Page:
As most jurisdictions move away from the death penalty, some remain strongly committed to it, while others hold on to it but use it sparingly. This volume seeks to understand why, by examining the death penalty’s relationship to state governance in the past and present. It also examines how international, transnational and national forces intersect in order to understand the possibilities of future death penalty abolition. The chapters cover the USA - the only western democracy that still uses the death penalty - and Asia - the site of some 90 per cent of all executions. Also included are discussions of the death penalty in Islam and its practice in selected Muslim majority countries. There is also a comparative chapter departing from the response to the mass killings in Norway in 2011. Leading experts in law, criminology and human rights combine theory and empirical research to further our understanding of the relationships between ways of governance, the role of leadership and the death penalty practices. This book questions whether the death penalty in and of itself is a hazard to a sustainable development of criminal justice. It is an invaluable resource for all those researching and campaigning for the global abolition of capital punishment.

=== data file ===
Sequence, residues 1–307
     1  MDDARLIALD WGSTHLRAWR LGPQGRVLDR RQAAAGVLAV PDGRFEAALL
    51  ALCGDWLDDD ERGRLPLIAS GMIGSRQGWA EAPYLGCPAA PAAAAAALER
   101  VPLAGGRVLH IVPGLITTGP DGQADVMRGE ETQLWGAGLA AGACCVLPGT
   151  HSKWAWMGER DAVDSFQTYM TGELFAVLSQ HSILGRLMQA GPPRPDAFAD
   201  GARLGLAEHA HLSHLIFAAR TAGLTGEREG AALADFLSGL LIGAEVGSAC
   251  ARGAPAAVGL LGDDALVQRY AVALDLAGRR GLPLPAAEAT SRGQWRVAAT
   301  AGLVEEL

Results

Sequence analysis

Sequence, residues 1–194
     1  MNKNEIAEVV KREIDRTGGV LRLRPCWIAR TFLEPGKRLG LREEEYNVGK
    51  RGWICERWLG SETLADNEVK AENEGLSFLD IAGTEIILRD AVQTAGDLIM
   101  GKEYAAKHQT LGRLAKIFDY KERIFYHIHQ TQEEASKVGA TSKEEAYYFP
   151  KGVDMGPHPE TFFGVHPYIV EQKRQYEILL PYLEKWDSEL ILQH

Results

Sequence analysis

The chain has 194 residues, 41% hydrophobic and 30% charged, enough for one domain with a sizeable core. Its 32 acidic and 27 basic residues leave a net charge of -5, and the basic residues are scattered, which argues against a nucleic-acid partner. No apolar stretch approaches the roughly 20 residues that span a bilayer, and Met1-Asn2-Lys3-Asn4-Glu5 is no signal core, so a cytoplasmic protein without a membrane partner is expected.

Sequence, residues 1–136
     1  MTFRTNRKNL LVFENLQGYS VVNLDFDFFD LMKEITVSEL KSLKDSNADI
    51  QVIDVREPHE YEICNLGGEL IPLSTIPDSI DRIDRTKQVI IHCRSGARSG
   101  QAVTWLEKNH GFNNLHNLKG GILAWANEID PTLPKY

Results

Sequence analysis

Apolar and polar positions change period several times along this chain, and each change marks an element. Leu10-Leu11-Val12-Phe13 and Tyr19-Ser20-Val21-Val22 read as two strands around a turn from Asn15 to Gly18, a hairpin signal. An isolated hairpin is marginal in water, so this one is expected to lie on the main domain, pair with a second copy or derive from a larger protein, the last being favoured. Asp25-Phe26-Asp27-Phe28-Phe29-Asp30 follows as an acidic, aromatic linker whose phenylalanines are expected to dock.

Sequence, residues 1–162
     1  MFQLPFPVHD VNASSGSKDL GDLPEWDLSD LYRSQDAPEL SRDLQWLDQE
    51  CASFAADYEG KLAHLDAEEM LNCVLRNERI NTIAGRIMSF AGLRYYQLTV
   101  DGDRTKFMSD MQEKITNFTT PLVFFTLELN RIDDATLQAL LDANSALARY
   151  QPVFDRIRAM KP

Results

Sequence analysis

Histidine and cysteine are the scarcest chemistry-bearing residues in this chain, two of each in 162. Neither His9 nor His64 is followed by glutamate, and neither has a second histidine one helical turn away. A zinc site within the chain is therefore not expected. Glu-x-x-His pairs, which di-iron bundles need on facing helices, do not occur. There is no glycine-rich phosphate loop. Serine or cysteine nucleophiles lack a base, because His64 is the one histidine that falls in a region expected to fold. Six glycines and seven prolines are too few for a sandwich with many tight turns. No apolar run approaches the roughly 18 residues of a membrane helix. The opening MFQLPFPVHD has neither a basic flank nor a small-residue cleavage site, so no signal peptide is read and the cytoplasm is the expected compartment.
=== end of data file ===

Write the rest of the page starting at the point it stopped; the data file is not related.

chapter |16 pages


ByLill Scherdin

part |2 pages

Part I Governance and the Death Penalty

chapter 2|17 pages

Death as Punishment

chapter 3|14 pages

Why the Death Penalty is Disappearing*

ByDavid Garland

part |2 pages

Part III Asia

part |2 pages

Part IV Countries with Majority Muslim Populations

part |2 pages

Part V Reflection and Outlook

chapter 13|20 pages

Criminal Justice, Sustainability and the Death Penalty

ByVidar Halvorsen

chapter 14|22 pages

Staying Optimistic

ByRoger Hood